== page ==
Getting Started with AWS Big Data — How to Query Data in S3 using Glue and Athena

Matthew Harper
Matthew Harper

‘Big Data’ is a huge trend in technology today, and AWS has many offerings that allow you to perform complex data analyses. The goal of this article is to introduce some of the very basics of Big Data in AWS. There are many ways to store, query, and visualize data in AWS, but I’ll focus on just a single configuration that utilizes S3 (storage), Glue (metadata catalog), and Athena (query engine). I’ll introduce each service with the bare minimum amount of information you need to get started and then dive right into building a working example. We’ll upload data to S3, catalog it using Glue, and run queries against it using Athena. If you’re familiar with working in the AWS Console, you should be able to have the whole thing up and running in 15–20 minutes.


S3 is often the core of a big data solution on AWS. S3 offers near-unlimited scalability, is very cost-effective (compared to other storage solutions on AWS like EBS), and tight integration with AWS’s other big data tools. Using S3 as your data lake (a common term used to describe a centralized repository for your data) allows you to decouple your storage and compute resources — scaling one doesn’t require scaling the other. You can add as many users as you want to the client-side of your system (query and data processing) without worrying about anything on S3; it will continue to offer the scalability you need and you’ll just pay for the additional read/write usage.


Unfortunately, uploading all of your data into S3 won’t immediately allow other AWS services like Athena or Redshift Spectrum to access it. Those tools need more information about your source data — where is the data stored, what file formats is it stored in, and what the schema of that data? Rather than define all of that information yourself and configure each client manually, we’ll use the aptly named ‘AWS Glue’ service to do that work for us. AWS Glue allows you to create a ‘crawler’ that inspects all of the data in an S3 bucket, infers its schema, and records all relevant metadata in a catalog. Other services in the AWS ecosystem can reference Glue’s catalog to quickly and easily integrate with your source data source.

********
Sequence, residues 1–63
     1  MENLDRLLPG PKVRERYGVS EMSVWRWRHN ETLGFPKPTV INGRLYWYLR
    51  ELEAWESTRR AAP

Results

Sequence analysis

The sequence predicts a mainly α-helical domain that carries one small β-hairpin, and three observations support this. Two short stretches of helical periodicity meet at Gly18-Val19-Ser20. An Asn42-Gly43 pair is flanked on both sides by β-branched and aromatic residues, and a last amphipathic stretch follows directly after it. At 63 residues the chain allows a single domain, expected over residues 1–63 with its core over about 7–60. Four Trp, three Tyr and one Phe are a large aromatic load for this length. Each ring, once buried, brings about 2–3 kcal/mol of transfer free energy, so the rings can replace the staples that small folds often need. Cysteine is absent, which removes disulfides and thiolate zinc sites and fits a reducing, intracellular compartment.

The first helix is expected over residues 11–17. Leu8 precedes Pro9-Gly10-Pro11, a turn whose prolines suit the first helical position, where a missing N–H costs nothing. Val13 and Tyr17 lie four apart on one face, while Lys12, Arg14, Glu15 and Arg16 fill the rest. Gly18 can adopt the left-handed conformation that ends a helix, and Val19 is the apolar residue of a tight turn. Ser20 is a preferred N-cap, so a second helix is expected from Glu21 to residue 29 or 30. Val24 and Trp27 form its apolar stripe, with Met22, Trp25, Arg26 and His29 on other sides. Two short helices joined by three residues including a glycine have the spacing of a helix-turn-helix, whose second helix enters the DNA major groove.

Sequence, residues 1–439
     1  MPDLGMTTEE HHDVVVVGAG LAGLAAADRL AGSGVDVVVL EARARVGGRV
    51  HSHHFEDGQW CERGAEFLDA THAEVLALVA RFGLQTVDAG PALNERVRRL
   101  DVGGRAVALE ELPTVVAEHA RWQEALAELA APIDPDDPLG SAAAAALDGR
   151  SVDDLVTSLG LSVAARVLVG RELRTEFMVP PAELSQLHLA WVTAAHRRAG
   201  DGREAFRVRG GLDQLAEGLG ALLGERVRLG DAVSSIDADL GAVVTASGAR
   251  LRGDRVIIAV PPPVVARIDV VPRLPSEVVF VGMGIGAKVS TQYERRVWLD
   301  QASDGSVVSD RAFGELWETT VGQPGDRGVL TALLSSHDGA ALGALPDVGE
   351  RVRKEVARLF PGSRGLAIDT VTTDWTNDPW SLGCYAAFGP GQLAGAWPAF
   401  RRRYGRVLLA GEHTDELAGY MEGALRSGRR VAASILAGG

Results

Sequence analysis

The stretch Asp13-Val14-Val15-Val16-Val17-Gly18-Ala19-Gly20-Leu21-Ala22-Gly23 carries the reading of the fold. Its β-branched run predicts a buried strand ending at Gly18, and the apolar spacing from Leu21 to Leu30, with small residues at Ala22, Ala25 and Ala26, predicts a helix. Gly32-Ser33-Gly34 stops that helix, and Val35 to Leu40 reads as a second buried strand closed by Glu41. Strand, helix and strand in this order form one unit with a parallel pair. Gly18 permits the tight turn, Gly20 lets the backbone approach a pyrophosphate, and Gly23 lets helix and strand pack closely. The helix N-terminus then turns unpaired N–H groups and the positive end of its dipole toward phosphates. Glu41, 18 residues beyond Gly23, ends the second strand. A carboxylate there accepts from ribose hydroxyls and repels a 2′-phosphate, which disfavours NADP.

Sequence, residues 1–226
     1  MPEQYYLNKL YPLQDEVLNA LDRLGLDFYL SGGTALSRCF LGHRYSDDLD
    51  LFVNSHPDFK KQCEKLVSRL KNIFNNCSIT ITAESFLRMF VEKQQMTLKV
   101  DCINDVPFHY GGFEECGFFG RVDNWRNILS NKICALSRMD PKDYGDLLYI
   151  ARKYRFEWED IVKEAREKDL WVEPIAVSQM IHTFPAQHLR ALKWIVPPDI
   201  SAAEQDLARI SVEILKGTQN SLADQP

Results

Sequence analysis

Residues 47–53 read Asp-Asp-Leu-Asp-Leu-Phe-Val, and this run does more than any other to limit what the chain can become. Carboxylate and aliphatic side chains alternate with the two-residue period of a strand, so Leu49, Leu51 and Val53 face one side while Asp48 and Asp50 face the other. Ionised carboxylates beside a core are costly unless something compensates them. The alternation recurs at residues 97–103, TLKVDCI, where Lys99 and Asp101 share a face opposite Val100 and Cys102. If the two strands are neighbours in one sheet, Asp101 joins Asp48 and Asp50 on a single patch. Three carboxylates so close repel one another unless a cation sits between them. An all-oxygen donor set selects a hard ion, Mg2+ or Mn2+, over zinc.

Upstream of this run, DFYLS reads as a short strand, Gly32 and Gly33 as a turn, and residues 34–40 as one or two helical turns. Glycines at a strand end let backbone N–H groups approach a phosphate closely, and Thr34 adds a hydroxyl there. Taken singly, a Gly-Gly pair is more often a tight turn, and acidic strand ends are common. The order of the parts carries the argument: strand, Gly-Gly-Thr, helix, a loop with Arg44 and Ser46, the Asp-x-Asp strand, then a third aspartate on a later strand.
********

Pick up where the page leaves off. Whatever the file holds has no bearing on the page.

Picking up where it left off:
In this tutorial, we’ll only use the basic functionality of Glue as described above, but the service does offer a lot more. One of Glue’s more powerful features is to define and execute ETL jobs (Extract-Transform-Load.) These jobs are typically used to take input data from an S3 bucket (for example, raw logs of customer API usage), transform that data into a format that fits analytics usage (perhaps convert to a columnar format like Parquet, sanitize or filter records, or remove duplicates), and load that data into another storage location for your analytics services to query(another S3 bucket or a different AWS data store.)


AWS Athena is a serverless tool that allows you to query data stored in S3 using SQL syntax. Under the covers, it’s an AWS managed version of the open-source Presto tool, a distributed SQL query engine originally developed at Facebook for their data analysts to work with massive data sets. Athena can query data in parallel where it is stored, without first moving it to a separate location for analytics processing. This allows most queries to be executed in a matter of seconds, even for very large data sets.

There’s a lot more to discover about each of these services, but as I mentioned earlier, we’ll stick with a very basic introduction and then start building on AWS. So let’s get started! Upload Sample Data to S3

In a typical business analytics use case, there might be a constant stream of data from applications into an S3 bucket. To keep this example simple and focused on the tools we’re interested in, we’ll just upload our source data directly to S3. We’ll also skip the ‘Big’ in Big Data and use small files to ensure that anyone can complete this tutorial without spending much money to transfer sample data into S3.

Actually, for this part of the tutorial, you could use any data you like in a format that AWS Glue supports (these include CSV, JSON, XML, Parquet, and many others.) You would just need to alter the queries in later steps a bit to match your input data.

In keeping with the times, we’ll use data from the Novel Coronavirus Visual Dashboard operated by the Johns Hopkins University. You can download the files straight from GitHub, or clone the repo onto your local machine with this command: